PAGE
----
Municipalities and schools aiming for a wider assessment of learning quality can decide to employ pupils’ questionnaires along with the NMPP. Based on the data gathered, the school (municipality) receives ratings on things like the school’s climate, teasing and bullying, pupils’ well-being in the school, pupils’ knowledge of how to learn, and the schools’ added value. This allows the school to self-assess in a broader way. It helps to pay more attention not only to the academic achievements of pupils but also to pupils’ well-being and the emotional climate. A school can assess its contribution to pupils’ achievements, taking into account its context. Schools must inform parents/guardians about such a review, obtaining permission for their child’s participation, which they are entitled to withhold. In such a case, it is more difficult for the school (municipality) to measure such important ratings as the schools’ added value, pupils’ well-being in school and the status regarding bullying.

Is it important to mention that the NMPP results also provide information for the pupil, their parents/guardians and the teacher. It is not a conclusion on a pupil’s educational achievements. That is why the National Agency for Education recommends not to grade tests. The NMPP results have no influence on pupils’ progression to another grade or school. From 1 September 2024, primary education participation in the NMPP will be mandatory.

Contributors to the assessment process

The teacher, education provider, school founder, Ministry of Education, Science and Sport and its authorised institutions assess learning achievements.

Teachers plan, assess, summarise and evaluate pupils’ progress and achievements. They record assessment information in a way defined by the school. They inform pupils, their parents/guardians, other teachers and the heads of the school about pupils’ learning, achievements and the gaps. They analyse and revise pupils’ (self-) learning. They aim to ensure that pupils with learning difficulties receive the aid they need.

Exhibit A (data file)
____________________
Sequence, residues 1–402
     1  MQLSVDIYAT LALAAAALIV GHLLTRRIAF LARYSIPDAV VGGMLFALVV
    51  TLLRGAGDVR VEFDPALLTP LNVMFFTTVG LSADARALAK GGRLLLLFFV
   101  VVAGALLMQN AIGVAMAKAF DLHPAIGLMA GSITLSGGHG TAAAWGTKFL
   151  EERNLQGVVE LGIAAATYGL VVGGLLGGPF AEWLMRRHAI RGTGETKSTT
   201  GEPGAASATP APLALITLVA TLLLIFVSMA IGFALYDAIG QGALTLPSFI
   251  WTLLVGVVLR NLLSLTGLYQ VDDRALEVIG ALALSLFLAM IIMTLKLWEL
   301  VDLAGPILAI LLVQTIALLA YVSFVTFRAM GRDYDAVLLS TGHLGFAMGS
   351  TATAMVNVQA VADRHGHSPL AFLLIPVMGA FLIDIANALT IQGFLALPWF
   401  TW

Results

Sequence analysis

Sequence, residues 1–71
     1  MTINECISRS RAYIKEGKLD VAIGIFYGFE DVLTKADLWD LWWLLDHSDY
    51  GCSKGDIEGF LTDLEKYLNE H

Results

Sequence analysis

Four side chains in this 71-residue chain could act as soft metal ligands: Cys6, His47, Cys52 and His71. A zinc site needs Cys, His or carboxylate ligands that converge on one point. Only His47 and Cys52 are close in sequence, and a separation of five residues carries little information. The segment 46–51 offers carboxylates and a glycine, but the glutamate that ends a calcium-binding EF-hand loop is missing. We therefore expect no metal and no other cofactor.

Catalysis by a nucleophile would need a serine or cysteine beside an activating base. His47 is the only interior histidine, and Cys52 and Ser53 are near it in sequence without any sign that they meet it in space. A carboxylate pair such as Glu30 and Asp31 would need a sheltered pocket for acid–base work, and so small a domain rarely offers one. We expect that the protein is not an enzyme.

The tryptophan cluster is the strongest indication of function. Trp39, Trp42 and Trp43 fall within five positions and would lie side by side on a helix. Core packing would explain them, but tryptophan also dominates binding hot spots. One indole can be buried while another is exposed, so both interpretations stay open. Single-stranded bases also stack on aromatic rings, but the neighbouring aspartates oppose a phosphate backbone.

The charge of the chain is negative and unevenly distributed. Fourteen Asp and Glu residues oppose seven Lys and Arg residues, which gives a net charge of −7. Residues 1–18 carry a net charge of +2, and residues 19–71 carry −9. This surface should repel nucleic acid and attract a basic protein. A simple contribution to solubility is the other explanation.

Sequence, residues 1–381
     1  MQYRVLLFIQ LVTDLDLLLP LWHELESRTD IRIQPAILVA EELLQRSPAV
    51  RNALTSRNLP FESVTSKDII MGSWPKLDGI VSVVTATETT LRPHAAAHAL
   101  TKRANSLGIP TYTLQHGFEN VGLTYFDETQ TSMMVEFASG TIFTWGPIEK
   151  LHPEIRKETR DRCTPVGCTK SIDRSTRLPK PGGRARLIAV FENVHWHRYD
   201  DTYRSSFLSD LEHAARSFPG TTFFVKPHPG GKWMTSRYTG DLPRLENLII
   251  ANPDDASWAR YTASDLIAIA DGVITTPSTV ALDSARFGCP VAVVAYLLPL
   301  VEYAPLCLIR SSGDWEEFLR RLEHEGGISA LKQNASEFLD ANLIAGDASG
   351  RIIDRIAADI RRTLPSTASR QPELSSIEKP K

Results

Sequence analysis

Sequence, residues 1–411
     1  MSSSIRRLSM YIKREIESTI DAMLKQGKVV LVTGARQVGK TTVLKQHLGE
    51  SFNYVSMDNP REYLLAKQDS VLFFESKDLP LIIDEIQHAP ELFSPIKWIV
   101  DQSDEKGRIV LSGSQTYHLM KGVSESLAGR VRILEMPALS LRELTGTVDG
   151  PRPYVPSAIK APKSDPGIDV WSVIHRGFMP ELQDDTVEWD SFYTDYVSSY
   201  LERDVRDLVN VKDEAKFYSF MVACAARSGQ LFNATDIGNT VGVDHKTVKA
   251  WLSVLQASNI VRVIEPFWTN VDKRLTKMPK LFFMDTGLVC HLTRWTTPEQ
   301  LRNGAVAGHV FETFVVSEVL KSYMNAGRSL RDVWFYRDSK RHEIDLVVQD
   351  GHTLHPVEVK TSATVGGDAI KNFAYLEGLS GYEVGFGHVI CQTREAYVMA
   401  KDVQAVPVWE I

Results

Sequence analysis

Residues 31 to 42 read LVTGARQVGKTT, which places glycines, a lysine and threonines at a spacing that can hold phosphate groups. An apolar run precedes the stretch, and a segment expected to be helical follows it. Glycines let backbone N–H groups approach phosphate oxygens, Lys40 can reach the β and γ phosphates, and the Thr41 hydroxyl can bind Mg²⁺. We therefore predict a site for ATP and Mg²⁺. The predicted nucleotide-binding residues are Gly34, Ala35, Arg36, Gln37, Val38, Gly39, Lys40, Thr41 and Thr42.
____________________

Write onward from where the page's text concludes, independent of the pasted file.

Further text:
The school sets out methods for the gathering, recording and use of information on pupils’ progress and achievement assessments. It guarantees that assessment methods are compatible with progressing between grades and education levels, also between classes and different subjects. The school also coordinates the scope and frequency of tests. It provides assistance to pupils experiencing learning difficulties. And, last but not least, it evaluates the quality of work performed by individual teachers and the school based on what pupils achieve.

The education department of the school founder administration analyses the school assessment information and makes decisions based on it. In assessing the school’s work effectiveness, it takes into account the social and cultural context. It guarantees that external methods for assessing pupils’ achievements are discussed with the school and with the teachers. It also enables teachers to improve their qualifications.

The Ministry of Education, Science and Sport issues legal requirements that regulate the content of the formal education curriculum and assessment of pupils’ achievements. It sets out the methods for assessing pupils’ achievements when they finish certain stages of the education curriculum. It guarantees fast and high-quality analysis of the external pupils’ achievement assessment results, their presentation to the academic and general public and its proper use.